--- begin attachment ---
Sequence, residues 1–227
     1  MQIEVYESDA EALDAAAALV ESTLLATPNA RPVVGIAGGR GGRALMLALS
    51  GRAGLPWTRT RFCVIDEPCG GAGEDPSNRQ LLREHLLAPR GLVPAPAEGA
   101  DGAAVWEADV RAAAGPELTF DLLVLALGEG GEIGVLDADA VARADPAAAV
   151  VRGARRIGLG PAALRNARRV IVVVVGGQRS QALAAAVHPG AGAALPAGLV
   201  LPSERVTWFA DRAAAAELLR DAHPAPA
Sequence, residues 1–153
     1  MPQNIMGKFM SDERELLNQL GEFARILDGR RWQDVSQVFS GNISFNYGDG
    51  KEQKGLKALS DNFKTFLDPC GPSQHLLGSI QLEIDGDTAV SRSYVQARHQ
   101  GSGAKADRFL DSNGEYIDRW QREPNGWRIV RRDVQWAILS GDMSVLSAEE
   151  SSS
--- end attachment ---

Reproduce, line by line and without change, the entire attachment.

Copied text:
Sequence, residues 1–227
     1  MQIEVYESDA EALDAAAALV ESTLLATPNA RPVVGIAGGR GGRALMLALS
    51  GRAGLPWTRT RFCVIDEPCG GAGEDPSNRQ LLREHLLAPR GLVPAPAEGA
   101  DGAAVWEADV RAAAGPELTF DLLVLALGEG GEIGVLDADA VARADPAAAV
   151  VRGARRIGLG PAALRNARRV IVVVVGGQRS QALAAAVHPG AGAALPAGLV
   201  LPSERVTWFA DRAAAAELLR DAHPAPA
Sequence, residues 1–153
     1  MPQNIMGKFM SDERELLNQL GEFARILDGR RWQDVSQVFS GNISFNYGDG
    51  KEQKGLKALS DNFKTFLDPC GPSQHLLGSI QLEIDGDTAV SRSYVQARHQ
   101  GSGAKADRFL DSNGEYIDRW QREPNGWRIV RRDVQWAILS GDMSVLSAEE
   151  SSS